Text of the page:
Milic runes, or "the Milic fuþark", are a series of runic alphabets developed by Miles Huff (whence "Milic" is derived), and used by the Theodian language before the development of the Theodic alphabet. Milic runes have been around in some form since 2005, and are primarily derived from the Anglo-Saxon fuþorc and the Elder fuþark.
Milic runes have their start in Miles's acquisition of a particular book: The Dragonology Handbook - a Practical Course in Dragons by "Dr. Ernest Drake" (a fictitious person). The book contained Anglo-Saxon runes, and young Miles dutifully learned them to the point of complete literacy, hoping to be able to communicate with any dragons he were to find.
Miles used these runes to write secret messages to himself; and over time, the runes in his personal alphabet began to change -- a fact Miles was not aware of until searching "runes" on the Internet in middle school (around 2007), when he learned about the Elder fuþark, and memorized the names of its runes. These names, too, would gradually change over time, without Miles noticing until much later.
In 2009, Miles decided to take an afternoon to study, document, organize, and expand his runes, by candlelight. While doing so, he also attempted to unravel some of the mysteries of vowel phonetics. At the time of this inventory, the Milic fuþark had around 46 different runes, each of which had a name descended from accidental corruptions of the Proto-Germanic names Miles had learnt from the Internet two or so years prior.
Upon Miles (the creator of Theodian)'s gradual introduction to conlanging and formal linguistics, the alphabet began to simplify, eventually becoming the circa-31 minuscule and majuscule forms in-use prior to 14 June 2010, when Theodia officially adopted the standard runes of the Runic Union (a standard which was not completed until the 19th), which were influenced by Milic runes. For the Runic Union, Miles (as Swena) created a usable keyboard layout and a low-quality custom font. However, just three months later, on September 29th, West Germania opted out of the standard alphabet, as they felt that their original script had been divinely inspired; and Theodia immediately followed suit, since Miles (Swena) did not like some of the compromise runes.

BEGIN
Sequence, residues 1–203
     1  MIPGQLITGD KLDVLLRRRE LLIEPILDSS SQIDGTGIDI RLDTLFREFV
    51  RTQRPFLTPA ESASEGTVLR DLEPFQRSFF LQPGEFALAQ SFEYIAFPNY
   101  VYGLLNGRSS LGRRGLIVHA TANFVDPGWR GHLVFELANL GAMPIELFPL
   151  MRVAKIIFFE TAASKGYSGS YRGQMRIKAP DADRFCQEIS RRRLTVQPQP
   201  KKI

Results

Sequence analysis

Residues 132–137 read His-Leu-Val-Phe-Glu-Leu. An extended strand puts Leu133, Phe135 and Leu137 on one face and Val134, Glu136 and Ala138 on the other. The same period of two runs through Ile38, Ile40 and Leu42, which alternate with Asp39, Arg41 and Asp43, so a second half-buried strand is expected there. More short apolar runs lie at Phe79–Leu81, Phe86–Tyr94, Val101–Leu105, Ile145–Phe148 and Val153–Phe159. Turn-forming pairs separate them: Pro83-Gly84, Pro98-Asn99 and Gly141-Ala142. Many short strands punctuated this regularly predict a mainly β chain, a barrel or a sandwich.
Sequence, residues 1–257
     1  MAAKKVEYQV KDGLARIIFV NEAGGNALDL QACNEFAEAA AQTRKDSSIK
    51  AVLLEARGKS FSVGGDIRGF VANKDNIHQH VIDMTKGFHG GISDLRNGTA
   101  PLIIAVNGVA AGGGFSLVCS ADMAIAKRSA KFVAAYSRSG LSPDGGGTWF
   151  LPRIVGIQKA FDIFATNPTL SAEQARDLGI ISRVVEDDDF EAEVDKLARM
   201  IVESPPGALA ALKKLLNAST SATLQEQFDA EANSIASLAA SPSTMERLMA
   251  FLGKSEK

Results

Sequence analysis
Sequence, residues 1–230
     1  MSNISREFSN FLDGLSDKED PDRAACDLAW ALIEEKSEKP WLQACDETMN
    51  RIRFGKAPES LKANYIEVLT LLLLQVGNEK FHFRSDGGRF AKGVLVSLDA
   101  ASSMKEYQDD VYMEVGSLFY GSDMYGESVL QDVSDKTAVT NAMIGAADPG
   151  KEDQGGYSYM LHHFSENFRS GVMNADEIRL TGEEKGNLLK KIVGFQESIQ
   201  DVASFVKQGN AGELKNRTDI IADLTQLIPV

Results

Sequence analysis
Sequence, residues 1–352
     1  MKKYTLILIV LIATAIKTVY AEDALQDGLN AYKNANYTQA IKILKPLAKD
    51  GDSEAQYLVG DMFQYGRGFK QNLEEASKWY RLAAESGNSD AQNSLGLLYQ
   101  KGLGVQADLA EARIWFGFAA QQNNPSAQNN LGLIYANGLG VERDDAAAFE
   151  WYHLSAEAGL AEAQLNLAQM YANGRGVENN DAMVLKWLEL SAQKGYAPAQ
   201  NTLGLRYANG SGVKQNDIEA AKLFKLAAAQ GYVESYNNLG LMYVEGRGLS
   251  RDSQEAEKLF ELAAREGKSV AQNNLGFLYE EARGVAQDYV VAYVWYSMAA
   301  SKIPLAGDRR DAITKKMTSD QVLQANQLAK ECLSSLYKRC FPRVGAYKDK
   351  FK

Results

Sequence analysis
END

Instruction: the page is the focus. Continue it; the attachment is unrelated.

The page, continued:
The term "Milic" did not begin to be used to describe the runes until early 2011. Miles developed a cursive form of the alphabet around the same time. He also created a new font for the script, using Dan Smith's "AngloSaxon Runes" font as a base (Completely coincidentally, this was also probably the font used in the Dragonology handbook that taught Miles runes in the first place.). This form of the Milic script remained the official alphabet of Theodian until mid-2013, when the alphabet was replaced with one generated a priori from rune-like shapes (Theodic).
Since then, despite its lack of official endorsement, the Milic fuþark has continued developing. Deliberate development continued until late 2014, and natural development continued thence. It is now primarily used to write English; containing several runes that represent sounds not found in modern Theodian, and lacking runes for several sounds that are. Its block, cursive, and shorthand styles have generally fallen out of use (with the shorthand possibly, unfortunately, lost to time); and majuscule runes are only used in highly ceremonial situations.
Today, the legacy of Theodia's runic past lives on in the three class-1 styles of the Theodic alphabet -- the Carving style in particular. However, unlike before, this "runic" style is not primitive; but is instead a derivative of another style (the Reading style). Additionally, it is no longer truly runic, since it is not directly derived from historical runes.
Milic fuþark in 2009
Milic fuþark in 2020